Phylum: Brachiopoda
Class: Rhynchonellata (Williams et al., 1996)
Cincinnatian Orders: Rhynchonellida, Atrypida, Orthida

Geologic Range
Early Cambrian – Holocene

Common Paleoecology
Rhynchonellata is an extant class of stationary, low-level, epifaunal suspension feeders

Characteristics of the Class

  • Most common class of Brachiopoda in the Cincinnatian
  • Includes all extant articulated brachiopods
  • Wide variety of morphologies
  • Most shell forms are biconvex
  • Triangular or rounded pedicle foramen
  • Pedicle developed from a rudiment
  • Pedicle attachment evidenced by imprints of adjustor muscle scars on the inside of the brachiopod
  • The ventral muscle field is shifted forward to make room for the pedicle capsule
  • Cyrmatodont (knoblike) teeth, elaborated cardinalia, and developed crura (in some)
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Treatise on Invertebrate Paleontology, Part H, Vol. 3 (2000):

  • Systematics:
      Rhynchonelliform brachiopods with fibrous, impunctate, punctate or endopunctate, biconvex, strophic or astrophic shells, articulated by deltidiodont or cyrtomatodont teeth and sockets buttressed by brachiophores or supported by parallel socket or hinge plates repeatedly converging to form septalium or cruralium; pedicle opening as delthyrium or rounded foramen; interareas and notothyrium commonly vestigial or absent, well developed in some derived groups; ventral muscle scars with posteromedial adductors flanked or enclosed by diductors and laterally placed adjustors; dental plates less commonly converging to form spondylium; dorsal adductor scars petaloid or grouped and quadripartite; crura present in later groups and commonly extended as spiralia or loops; mantle canal systems variable as saccate, digitate, pinnate, or lemniscate impressions.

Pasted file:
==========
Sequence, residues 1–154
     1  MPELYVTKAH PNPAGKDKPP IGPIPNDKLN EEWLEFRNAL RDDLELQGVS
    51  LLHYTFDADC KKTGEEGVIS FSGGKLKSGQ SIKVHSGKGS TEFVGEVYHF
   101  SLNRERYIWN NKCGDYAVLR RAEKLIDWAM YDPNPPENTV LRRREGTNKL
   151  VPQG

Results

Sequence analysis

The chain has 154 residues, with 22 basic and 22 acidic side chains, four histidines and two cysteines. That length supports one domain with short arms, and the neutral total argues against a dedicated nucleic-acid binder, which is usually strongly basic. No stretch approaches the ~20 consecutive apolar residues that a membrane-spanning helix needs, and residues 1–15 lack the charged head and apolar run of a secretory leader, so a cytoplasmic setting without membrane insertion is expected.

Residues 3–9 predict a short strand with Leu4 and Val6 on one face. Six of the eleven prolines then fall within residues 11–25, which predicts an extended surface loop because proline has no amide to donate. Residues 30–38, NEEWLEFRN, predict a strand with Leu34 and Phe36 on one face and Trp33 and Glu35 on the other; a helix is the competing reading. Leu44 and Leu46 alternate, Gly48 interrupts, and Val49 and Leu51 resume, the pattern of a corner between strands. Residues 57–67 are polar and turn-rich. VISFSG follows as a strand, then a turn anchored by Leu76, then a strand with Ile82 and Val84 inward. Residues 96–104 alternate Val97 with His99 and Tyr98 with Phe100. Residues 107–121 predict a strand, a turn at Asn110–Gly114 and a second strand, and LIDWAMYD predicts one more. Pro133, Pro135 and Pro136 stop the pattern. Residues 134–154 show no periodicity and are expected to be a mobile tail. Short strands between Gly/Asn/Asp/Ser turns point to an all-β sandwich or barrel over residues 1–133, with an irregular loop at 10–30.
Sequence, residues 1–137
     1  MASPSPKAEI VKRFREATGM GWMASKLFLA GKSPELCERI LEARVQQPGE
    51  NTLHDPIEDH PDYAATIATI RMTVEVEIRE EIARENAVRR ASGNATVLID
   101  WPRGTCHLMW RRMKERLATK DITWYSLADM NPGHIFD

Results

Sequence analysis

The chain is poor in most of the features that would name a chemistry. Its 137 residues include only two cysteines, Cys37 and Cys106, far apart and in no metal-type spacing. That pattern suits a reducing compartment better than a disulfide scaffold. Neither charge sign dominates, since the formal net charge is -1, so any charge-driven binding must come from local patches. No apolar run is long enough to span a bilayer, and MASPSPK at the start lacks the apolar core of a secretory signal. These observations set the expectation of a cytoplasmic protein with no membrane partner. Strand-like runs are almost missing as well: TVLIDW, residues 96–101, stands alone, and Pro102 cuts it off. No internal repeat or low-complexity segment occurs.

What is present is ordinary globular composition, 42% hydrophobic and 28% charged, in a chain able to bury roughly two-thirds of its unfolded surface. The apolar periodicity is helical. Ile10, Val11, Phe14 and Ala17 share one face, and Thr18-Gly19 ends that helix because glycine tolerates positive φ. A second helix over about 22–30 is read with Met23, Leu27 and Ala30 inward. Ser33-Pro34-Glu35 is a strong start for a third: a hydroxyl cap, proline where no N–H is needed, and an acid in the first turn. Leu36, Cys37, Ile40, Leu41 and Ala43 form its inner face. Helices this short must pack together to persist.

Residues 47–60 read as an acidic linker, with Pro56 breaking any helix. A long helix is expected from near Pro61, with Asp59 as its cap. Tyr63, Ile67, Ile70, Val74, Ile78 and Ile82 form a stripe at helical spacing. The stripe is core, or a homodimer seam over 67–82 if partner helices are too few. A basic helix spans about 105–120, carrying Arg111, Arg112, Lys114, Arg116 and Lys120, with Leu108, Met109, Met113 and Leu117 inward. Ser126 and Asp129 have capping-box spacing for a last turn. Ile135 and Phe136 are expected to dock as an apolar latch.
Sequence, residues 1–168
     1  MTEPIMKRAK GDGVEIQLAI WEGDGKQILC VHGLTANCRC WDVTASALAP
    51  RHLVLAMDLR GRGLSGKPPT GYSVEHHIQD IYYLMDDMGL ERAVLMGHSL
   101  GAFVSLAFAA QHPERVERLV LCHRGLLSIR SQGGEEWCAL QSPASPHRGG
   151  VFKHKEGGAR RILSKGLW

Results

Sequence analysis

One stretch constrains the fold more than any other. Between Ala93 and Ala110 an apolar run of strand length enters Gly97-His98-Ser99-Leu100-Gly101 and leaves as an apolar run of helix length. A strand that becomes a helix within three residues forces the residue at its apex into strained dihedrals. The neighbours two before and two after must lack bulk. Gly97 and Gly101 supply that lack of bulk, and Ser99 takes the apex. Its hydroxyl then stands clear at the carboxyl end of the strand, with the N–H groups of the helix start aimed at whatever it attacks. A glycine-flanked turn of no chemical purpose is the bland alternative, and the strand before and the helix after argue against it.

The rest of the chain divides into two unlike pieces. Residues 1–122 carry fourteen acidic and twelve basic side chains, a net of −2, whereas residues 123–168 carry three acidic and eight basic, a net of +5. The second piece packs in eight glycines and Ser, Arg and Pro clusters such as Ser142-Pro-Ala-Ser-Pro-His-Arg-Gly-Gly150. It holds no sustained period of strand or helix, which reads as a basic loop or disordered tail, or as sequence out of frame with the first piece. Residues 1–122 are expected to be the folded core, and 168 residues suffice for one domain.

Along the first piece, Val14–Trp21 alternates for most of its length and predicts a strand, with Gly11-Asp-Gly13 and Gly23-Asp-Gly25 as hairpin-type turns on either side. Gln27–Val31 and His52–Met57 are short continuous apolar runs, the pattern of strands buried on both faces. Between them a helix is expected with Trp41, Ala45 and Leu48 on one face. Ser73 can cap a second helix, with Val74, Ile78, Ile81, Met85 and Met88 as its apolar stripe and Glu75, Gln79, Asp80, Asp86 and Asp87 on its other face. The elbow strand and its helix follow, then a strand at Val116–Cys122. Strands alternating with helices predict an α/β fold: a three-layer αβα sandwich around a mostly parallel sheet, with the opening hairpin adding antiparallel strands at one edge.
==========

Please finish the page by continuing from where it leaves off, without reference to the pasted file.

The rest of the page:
• Extended Information:
      The Rhynchonellata is the largest class of brachiopods. It is composed of about 3,000 genera assigned to 75 superfamilies and grouped into 10 orders. The diagnostic synapomorphy is a pedicle developed from a rudiment. In such extinct groups as the orthides and syntrophiidines, the presence such a pedicle is indicated by the imprint of adjustor scars on the shell interior. A pedicle such as this was variably developed throughout the class, being vestigial in some free-lying groups (pentameridines). But in the thecideides and some atrypides the pedicle rudiment developed into an adhesive pad attended by cementation of the ventral valve, a homoplasy that has caused great difficulties in past classifications of the brachiopods.
      The rhynchonellides and related spire-bearing and loop-bearing orders are further characterized by the reversal of the mantle rudiment during larval development. This transformation is indicated on the shells by a forward shift of the attachment area of the ventral muscle field to make way for the pedicle capsule. It is, therefore, well documented in extinct groups.
      Other synapopmorphies evident in the shell and used in classification at the ordinal level are transformations of articulatory devices. In particular, the development of cyrtomatodont teeth and the elaboration of cardinalia, giving rise to crura supporting the mouth segment of the lohphophore, characterize the rhynchonellides and all derived ordinal groups. Such orders, in turn, are well founded on the nature and disposition of spiralia and loops extending from the crura in support of the variously oriented brachia of the lophophore.
      Among other features used in the suprafamilial classification of the rhynchonellata, the strophic shells of spriferides (s.l), thecideides, and some terebratulides were derived from astrophic stem groups and, therefore, separably taxonomically from those of orthides and protoorthides. Punctuation is also homoplastic; but puntative homologues of the endopunctae characterizing terebratulies and thecideides occur in Jurassic species of spiriferides (s.l).

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